NATIONAL

[News Focus] Unemployment benefits snowball in food, lodging, tourism

By Kim Yon-se
  • Published : Oct 31, 2019 - 17:36
  • Updated : Oct 31, 2019 - 17:38

SEJONG -- The volume of unemployment benefit payments to the jobless has nearly doubled over the past four years.

Though there were some people who exploited the state-led payout system via shady securing of beneficiary eligibility, data indicated that a growing number of people have been forced to leave their workplaces in the wake of an economic slowdown in recent years.

South Korea saw the monthly payouts of unemployment benefits reach 691.6 billion won ($592.8 million) in September 2019, compared to 458.9 billion won in September 2017 and 351 billion won in September 2015, according to the Korea Employment Information Service.

This showed a 97 percent jump in only four years, although there was a climb in lower-ceiling payments of unemployment benefits in proportion to the rise in the statutory minimum wage.

In addition, the number of monthly recipients increased from 350,959 to 450,607 for the corresponding four years. Compared to the figure for a year earlier in September 2018 (393,548), the number of recipients increased by more than 57,000.
 
A notification is attached at a convenience store in Korea, which reads that it has no intention to hire part-time workers, representing micro-business owners’ difficulty from the aggravating burden of labor costs. (Yonhap)

By region, Gyeonggi Province topped the list with 116,630 last month, followed by Seoul at 84,805, Busan with 35,110, South Gyeongsang Province at 31,630 and Incheon with 28,601. There were 2,274 recipients in the Sejong administrative-oriented city.

As a noteworthy point, the KEIS data showed that the number of recipients surged among Koreans engaged in services like food, lodging and tourism as business owners.

A year earlier in September 2018, only 42 food retailers were paid the unemployment allowance. But the number of recipients has rapidly climbed this year -- 2,884 in April, 3,469 in May, 4,099 in June, 5,272 in July, 6,032 in August and 6,653 in September.

The figure for lodging and tourism services also shot up to 1,263 in September 2019, compared to only 16 people a year earlier.

“Though the KEIS explains that there could be difference in figures between net recipients and redundancy-included recipients in statistics, it is evident that the small-sized restaurant and lodging-tourism sectors represented a sharp contrast to other major jobs,” said a research analyst in Seoul.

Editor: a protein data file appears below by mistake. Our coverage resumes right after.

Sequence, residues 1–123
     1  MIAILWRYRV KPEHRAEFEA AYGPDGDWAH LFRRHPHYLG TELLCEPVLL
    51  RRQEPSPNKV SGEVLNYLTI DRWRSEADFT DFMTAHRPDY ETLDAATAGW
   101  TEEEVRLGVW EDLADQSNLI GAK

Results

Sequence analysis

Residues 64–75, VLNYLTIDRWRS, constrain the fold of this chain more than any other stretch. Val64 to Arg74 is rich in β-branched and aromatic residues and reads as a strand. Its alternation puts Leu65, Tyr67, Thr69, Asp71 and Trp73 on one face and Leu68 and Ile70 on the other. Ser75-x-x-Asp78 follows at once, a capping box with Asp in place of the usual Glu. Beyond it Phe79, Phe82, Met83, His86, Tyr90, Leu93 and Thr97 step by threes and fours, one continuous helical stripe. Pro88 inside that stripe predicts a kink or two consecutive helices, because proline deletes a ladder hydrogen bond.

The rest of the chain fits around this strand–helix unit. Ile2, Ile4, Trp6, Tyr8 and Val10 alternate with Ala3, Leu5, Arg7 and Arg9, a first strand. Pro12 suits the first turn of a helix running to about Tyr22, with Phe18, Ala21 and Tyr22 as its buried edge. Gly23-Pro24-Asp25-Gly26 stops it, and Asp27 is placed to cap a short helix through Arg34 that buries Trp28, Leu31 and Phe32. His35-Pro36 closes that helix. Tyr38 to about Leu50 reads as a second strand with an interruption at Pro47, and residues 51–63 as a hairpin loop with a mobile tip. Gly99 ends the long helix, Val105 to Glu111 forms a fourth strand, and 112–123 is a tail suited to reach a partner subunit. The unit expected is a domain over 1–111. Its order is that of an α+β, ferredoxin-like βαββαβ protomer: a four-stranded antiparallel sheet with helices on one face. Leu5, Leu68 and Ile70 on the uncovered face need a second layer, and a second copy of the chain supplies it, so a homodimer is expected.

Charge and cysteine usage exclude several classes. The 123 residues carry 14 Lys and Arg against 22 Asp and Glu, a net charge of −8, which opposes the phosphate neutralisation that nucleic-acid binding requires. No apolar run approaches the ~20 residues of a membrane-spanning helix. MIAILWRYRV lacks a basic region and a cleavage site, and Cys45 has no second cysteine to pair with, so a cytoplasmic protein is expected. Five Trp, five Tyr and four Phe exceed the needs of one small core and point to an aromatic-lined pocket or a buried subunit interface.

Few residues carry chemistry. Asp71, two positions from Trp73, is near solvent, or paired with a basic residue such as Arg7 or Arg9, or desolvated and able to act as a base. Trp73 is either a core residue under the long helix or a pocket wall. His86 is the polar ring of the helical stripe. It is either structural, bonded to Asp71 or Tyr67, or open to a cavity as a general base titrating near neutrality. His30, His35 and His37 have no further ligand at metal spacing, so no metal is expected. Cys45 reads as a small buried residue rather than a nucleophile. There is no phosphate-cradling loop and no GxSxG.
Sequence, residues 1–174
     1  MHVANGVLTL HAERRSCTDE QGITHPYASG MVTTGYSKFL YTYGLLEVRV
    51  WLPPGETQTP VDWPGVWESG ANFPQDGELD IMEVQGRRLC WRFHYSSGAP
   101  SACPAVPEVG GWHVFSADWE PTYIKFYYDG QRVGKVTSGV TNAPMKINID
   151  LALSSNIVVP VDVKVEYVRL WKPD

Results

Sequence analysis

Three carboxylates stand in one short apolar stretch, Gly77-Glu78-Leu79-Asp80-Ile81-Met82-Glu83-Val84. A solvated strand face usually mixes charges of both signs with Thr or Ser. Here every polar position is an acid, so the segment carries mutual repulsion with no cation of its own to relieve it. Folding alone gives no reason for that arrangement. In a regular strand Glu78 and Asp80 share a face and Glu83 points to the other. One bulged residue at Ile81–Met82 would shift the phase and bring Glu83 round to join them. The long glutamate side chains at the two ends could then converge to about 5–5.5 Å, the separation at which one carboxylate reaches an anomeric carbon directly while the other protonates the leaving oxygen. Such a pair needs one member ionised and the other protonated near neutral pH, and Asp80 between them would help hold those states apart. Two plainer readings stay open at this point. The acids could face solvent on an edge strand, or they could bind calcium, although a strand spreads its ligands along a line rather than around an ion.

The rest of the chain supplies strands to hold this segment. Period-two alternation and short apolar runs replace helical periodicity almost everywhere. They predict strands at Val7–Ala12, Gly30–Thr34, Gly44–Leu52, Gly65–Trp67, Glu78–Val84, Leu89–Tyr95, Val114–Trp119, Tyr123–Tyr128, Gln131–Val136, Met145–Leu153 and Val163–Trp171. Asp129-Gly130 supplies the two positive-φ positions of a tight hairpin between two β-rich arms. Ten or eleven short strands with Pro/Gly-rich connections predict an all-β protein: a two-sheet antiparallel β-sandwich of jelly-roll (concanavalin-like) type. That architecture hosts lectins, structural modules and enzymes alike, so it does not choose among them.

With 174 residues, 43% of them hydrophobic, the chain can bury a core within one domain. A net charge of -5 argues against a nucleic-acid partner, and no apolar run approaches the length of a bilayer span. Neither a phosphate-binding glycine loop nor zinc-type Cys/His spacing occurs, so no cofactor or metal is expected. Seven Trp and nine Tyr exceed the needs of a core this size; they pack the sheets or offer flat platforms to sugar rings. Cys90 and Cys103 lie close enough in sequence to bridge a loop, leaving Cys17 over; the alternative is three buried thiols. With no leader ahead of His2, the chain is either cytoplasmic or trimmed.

He attributed their increase in the portion of payout recipients to en masse closure of operations among the self-employed and micro-business owners.
 
(Graphic by Kim Sun-young/The Korea Herald)

A large percentage of the self-employed were engaging in the three retail sectors, which have been hit by both a sagging economy and tough burden for labor costs in the wake of drastic hike in the minimum wage in 2018 and 2019.

Based on monthly payment for workers, the minimum wage climbed from 1.35 million won in 2017 to 1.74 million won in 2019.

According to a release from the Ministry of Employment and Labor, the average recipient was paid 1.18 million won a month in 2017. That average monthly payment surged to 1.51 million won in 2019.

On a yearly cumulative basis, the payouts for the jobless reached a record high of 6.4 trillion won for 1.33 million recipients in 2018, continuously topping the former highs of 5 trillion won in 2017 and 4.6 trillion won in 2016.

As it is stood at 2.4 trillion won in 2008, the nation’s unemployment benefit payment jumped more than 160 percent in a decade. And the yearly figure for 2019 is estimated to exceed 8 trillion won if it maintains its current pace.

As for last month’s payouts by generation, recipients in their 50s accounted for the largest proportion at 26.5 percent, trailed by those in their 60s with 22.6 percent, those in their 40s with 19.5 percent, those in their 30s with 19 percent and those in their 20s at 11.5 percent.

Men slightly outnumbered women among benefit claimants in the month, accounting for 50.1 percent of the total.

By Kim Yon-se (kys@heraldcorp.com)